Two friends from Perthshire have signed up for this year's Etape Caledonia after falling in love with cycling and its physical and mental health benefits.
Scone residents, Lesley Sharkey, 41, and Tia Dixon, 47, who both work for the NHS, pledged to take up cycling together a few years ago in a bid to get fit after discussing their lack of exercise when picking up their children at the school gates. Now, three years later, the ladies are taking on one of the UK's most competitive closed-roads sportives.
Lesley, a Family Nurse Partnership Supervisor at PRI and Ninewells, was looking for a sport to help improve her fitness after enduring major back surgery to alleviate a spinal fusion. "The actual operation was nine years ago and, since then, I felt my fitness levels had dropped," she explained. "I wanted to find something that was fairly low impact but also got me outdoors seeing the countryside. Running wasn't really an option after my operation, so I needed something that offered enough of a cardio workout without grinding my back too much."
Cycling has definitely given me that opportunity to have some headspace.
Since taking up cycling Lesley has found her back to be in much better shape. She said: "It's common for people who have had fused bones in the spine to suffer from pain post-op, but I have not had any pain. I think that is a lot to do with my improved fitness levels through cycling."
When Tia, a Clinical & Professional Team Manager at Murray Royal Hospital, suggested cycling, they both decided to get out on the roads together. "The idea is that we keep each other motivated," said Tia. "The first few rides were fairly short distances. I remember we cycled to Perth airport and back and were completely exhausted - and that wasn't very far at all."
Like Lesley, Tia wasn't feeling particularly fit or healthy and wanted to find a form of exercise that was fun and suited her. "I think you get into your forties and to a point where you have to decide if middle age is arriving or has already arrived," Tia added. "I'm not naturally sporty and running was becoming more difficult. Cycling is a bit kinder to your body and felt quickly like the right fit."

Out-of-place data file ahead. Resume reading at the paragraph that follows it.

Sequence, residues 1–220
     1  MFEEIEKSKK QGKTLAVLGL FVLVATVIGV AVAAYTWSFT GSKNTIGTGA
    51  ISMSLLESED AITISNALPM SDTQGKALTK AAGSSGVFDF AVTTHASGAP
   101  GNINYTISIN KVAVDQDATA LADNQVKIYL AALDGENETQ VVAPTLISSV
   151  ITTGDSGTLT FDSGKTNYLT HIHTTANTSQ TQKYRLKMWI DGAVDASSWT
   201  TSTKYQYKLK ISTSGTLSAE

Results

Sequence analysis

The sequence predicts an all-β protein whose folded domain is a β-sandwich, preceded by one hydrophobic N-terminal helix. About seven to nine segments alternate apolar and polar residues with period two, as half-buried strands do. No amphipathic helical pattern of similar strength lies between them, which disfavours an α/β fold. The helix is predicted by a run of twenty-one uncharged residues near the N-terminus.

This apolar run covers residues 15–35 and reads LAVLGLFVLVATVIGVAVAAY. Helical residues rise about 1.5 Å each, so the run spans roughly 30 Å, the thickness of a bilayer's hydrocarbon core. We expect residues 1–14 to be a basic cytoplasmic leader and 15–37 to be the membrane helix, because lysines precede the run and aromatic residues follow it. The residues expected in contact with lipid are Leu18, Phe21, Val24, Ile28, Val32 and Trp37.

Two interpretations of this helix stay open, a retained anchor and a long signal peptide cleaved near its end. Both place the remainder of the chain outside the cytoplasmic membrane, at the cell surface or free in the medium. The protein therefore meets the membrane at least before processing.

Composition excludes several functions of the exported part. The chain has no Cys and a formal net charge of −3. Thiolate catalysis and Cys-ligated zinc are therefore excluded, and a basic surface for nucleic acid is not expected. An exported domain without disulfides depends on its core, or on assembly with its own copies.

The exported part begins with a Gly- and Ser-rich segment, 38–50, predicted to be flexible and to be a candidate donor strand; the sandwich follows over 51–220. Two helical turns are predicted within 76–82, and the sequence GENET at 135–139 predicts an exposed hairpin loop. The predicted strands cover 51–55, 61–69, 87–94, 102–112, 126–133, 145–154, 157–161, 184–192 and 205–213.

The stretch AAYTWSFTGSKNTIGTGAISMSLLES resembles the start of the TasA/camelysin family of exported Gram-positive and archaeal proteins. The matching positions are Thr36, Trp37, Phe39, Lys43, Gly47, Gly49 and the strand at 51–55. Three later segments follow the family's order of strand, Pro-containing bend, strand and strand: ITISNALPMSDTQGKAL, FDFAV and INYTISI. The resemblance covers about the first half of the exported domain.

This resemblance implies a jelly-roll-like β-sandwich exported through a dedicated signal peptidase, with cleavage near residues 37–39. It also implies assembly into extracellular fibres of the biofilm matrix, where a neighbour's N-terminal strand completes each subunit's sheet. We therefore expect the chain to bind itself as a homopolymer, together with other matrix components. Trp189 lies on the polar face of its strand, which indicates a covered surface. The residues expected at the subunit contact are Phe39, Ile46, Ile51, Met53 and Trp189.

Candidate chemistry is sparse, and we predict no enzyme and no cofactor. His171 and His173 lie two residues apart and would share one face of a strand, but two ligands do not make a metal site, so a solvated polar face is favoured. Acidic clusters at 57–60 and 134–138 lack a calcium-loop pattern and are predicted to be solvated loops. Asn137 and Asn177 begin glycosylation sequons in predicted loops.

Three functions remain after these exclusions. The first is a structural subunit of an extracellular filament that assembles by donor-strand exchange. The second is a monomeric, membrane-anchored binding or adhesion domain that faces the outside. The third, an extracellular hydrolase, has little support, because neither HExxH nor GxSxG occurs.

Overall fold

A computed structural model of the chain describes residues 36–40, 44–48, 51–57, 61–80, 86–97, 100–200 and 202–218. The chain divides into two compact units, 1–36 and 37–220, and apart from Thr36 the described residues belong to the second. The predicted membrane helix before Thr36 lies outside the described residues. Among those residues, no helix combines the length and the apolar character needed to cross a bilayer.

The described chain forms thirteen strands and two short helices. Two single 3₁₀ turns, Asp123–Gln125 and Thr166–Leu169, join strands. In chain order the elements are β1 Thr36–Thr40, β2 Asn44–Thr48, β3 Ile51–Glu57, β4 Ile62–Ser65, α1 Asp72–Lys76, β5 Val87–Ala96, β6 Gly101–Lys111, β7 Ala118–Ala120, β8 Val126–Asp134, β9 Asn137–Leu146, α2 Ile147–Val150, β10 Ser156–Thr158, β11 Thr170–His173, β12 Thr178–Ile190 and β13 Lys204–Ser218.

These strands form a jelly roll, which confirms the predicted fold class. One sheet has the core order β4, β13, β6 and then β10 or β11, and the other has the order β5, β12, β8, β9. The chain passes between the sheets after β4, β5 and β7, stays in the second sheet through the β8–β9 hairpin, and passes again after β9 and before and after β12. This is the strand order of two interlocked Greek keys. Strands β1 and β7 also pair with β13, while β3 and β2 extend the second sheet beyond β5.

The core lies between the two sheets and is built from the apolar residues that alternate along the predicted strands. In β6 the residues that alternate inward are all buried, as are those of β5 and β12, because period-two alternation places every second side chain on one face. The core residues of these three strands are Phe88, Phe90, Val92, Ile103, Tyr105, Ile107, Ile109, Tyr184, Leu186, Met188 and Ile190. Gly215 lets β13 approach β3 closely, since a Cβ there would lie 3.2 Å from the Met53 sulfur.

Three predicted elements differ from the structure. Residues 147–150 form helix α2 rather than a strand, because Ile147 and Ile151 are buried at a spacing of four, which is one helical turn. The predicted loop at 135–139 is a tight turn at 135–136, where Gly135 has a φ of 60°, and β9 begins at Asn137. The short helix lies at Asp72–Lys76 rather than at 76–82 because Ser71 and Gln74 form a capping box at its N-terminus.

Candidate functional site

Soon the friends caught the biking bug and were out cycling frequently and building up their pedal power. "It would have been easy for us to find excuses not to do it in the early days", Tia said. "Our rides were - and still can be - very weather dependent. Gradually we started to notice our strength building and soon we were out on our bikes three or four times a week."
As well as the obvious physical benefits, Lesley in particular has seen how cycling can improve mental wellbeing as well. "As a wife and mum of two running a house, as well as a full-time job, it can be difficult to find time for me. It's great being outdoors for the prolonged periods that cycling requires as it gives me time to reflect and just time for myself. Cycling has definitely given me that opportunity to have some headspace."
Now, with just under three months until Etape Caledonia, the training has begun in earnest for the determined duo. "In the winter months, we went to spinning classes and swimming to try and keep our fitness levels up", Tia explained. "I find spinning quite boring so I'm pleased the weather's getting better and we can get out on the roads again and build up to the event gradually over the next few months."
Having participated in a few cycling sportives already, including Macmillan Cycletta and the Tayside Challenge in recent years, Tia and Lesley are excited about taking their cycling to a new level. "It's a different type of push for an event like Etape Caledonia", Lesley added. "We'll make sure we're ready, but we're looking forward to taking on the challenge and soaking up the atmosphere. There's always a great sense of community spirit and camaraderie amongst cyclists and we're looking forward to experiencing that at Etape Caledonia."
The Etape Caledonia was the UK's first and original closed-roads event when it was launched in 2007. Limelight is encouraging past participants to get back in the saddle on May 19 to pedal Perthshire on an 85-mile closed road circuit that takes in some of Scotland's most stunning landscapes. A shorter 40-mile route option is also available.
Team Marie Curie charity places start at £24.99 for a 40 mile place (£150 minimum sponsorship); 85 mile pledge place - £59.99 registration fee, £350 minimum sponsorship; 85 mile Gold Bond option, includes premium benefits - £59.99 registration fee and £650 minimum.
Participants wishing to register for Etape Caledonia and raise money for Marie Curie should visit Etape Caledonia's website >>>
If you're feeling inspired to get on your bike, check out our article on 7 reasons why you should get on your bike! >>>
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